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Mid-Winter Daffodils

Here in the Southern hemisphere daffodils have decided that it’s definitely warm enough for them to display their beautiful side and have been appearing in gardens and along roadsides to the surprise of gardeners and passersby.
Not to get into ‘global warming’ and whether or not this is merely a weather change before the onset of another ice age, instead we’ll take a brief dig into the world of this colourful and remarkable trumpet flower.

Did you know that the Latin name for the daffodil is ‘Narcissus’.
When I first heard this I thought..

“Huh, that’s just one letter away from Narcissis or narcissist, I wonder if there is a connection?”

Indeed there is a connection and it goes like this..

“In Greek mythology, Narsissus is a beautiful youth who pines away for love of his own reflection and is eventually turned into the narcissus flower.”

Some of the usual yellow daffodils don’t seem to have much of a fragrance while there are varieties.. Jonquilla, Tazetta and Triandrus which do produce a wonderful smell.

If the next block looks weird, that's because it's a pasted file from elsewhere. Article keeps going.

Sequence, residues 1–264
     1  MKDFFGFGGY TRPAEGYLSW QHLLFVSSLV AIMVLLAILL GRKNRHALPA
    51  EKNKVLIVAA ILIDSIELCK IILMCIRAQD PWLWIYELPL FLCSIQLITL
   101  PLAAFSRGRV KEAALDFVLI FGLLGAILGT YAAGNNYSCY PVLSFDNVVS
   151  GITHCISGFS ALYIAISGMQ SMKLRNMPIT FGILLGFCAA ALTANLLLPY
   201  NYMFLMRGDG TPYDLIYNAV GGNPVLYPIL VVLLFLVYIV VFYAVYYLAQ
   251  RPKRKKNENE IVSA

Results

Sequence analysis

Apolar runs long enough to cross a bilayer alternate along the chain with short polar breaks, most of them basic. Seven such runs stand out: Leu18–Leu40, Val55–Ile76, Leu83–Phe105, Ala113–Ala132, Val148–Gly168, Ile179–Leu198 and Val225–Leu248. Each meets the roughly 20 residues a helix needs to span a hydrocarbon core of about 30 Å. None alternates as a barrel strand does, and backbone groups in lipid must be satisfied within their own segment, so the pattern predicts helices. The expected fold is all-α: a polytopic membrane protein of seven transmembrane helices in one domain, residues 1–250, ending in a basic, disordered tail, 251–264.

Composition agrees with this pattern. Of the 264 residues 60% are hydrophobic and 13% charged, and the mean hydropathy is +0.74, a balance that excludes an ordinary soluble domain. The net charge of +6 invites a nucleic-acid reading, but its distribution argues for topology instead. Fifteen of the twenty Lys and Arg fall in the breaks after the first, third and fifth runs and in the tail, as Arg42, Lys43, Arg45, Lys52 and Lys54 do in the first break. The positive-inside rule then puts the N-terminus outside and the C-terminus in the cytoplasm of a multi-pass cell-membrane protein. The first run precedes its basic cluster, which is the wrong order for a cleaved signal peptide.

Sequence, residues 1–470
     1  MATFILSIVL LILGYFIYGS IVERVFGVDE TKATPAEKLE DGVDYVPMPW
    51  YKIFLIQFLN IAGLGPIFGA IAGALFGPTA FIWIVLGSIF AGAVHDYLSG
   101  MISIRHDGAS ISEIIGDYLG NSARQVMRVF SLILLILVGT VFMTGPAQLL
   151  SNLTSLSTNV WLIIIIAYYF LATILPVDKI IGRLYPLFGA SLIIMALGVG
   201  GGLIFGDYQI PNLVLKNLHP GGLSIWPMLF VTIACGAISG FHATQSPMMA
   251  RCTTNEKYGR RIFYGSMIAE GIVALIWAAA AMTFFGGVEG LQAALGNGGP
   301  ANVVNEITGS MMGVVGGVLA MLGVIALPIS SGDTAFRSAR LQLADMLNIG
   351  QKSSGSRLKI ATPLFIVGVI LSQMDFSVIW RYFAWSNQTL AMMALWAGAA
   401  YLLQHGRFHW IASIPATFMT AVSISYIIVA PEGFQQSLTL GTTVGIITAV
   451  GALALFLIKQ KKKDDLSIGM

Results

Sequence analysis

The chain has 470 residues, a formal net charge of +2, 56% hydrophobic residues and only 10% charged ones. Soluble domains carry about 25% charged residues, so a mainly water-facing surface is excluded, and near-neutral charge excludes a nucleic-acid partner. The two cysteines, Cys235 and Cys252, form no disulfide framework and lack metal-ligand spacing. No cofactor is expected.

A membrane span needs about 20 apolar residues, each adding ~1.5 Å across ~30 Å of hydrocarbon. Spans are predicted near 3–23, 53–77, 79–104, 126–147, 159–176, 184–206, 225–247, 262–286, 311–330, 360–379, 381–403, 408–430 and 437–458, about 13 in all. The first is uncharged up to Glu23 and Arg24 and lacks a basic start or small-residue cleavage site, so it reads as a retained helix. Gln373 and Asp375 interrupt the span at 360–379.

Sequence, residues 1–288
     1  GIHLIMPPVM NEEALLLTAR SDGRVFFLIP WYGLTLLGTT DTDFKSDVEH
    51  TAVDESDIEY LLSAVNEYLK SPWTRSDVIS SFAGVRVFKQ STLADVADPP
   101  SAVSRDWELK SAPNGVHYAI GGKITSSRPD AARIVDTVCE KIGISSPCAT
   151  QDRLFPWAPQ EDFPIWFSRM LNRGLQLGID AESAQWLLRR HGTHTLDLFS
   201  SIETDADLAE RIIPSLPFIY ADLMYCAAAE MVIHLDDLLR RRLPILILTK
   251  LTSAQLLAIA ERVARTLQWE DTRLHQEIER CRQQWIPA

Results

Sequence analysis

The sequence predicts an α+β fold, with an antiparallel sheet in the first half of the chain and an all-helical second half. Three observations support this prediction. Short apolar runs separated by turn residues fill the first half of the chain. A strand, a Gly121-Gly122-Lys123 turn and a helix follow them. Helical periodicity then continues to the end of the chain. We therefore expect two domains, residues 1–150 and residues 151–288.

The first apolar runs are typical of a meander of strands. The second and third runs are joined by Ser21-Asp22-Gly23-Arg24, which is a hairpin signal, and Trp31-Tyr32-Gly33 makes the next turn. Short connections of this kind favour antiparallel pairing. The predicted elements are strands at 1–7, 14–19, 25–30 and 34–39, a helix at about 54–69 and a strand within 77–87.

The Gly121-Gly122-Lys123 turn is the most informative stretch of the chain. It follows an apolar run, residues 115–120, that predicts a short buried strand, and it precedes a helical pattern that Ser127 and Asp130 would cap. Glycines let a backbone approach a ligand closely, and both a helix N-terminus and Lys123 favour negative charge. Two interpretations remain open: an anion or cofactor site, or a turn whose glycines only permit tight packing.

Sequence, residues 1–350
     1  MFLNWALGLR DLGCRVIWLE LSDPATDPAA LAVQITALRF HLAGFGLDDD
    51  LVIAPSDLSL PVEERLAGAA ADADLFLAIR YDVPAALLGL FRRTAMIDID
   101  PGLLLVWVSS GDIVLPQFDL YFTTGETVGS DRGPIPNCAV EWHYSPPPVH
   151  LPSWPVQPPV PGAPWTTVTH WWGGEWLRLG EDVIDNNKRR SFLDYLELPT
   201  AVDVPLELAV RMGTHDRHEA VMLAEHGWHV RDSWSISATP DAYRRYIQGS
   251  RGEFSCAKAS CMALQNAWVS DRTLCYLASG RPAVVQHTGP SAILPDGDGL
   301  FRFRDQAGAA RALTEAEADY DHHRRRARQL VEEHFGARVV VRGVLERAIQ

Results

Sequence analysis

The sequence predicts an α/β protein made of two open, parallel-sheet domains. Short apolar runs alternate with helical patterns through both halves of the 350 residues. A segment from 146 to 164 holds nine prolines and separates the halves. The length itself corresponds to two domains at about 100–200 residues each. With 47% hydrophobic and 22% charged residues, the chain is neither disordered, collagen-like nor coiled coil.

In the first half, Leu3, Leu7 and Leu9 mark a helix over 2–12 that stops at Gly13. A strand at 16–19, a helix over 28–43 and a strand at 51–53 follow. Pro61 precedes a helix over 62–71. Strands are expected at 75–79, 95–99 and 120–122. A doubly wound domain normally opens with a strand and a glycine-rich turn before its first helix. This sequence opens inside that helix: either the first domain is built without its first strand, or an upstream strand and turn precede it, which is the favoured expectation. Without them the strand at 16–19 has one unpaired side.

Growing these beauties is not difficult because they will happily exist in sun or part shade and are not bothered by most plant eating creatures.
Although yellow is the most common colour for daffodils they also bloom in cream, white, orange, even pink and combinations of these. 
Daffodils grow from bulbs and have leaves and stems like most plants. These grow around the same height and can vary from around 30 cm to much higher.

Daffodils are early perennials and also come in miniature varieties which are excellent in a spring garden because they won’t get in the way of other emerging perennial plants. The miniatures tend to be less leafy too.

Once daffodils get established, they tend to spread making them ideal plants for meadows, wooded areas, next to ponds and by streams.

People often grow daffodils in window boxes and also on porches and patios as they are happy to exist in containers as well as in back and front yards.

Finally, there is one interesting fact about the narcissus plant. They produce excellent cut flowers but it’s important to not put them in water with other types of flower because the plant’s vascular system produces an alkaloid which will make other flowers wilt in a very short time.

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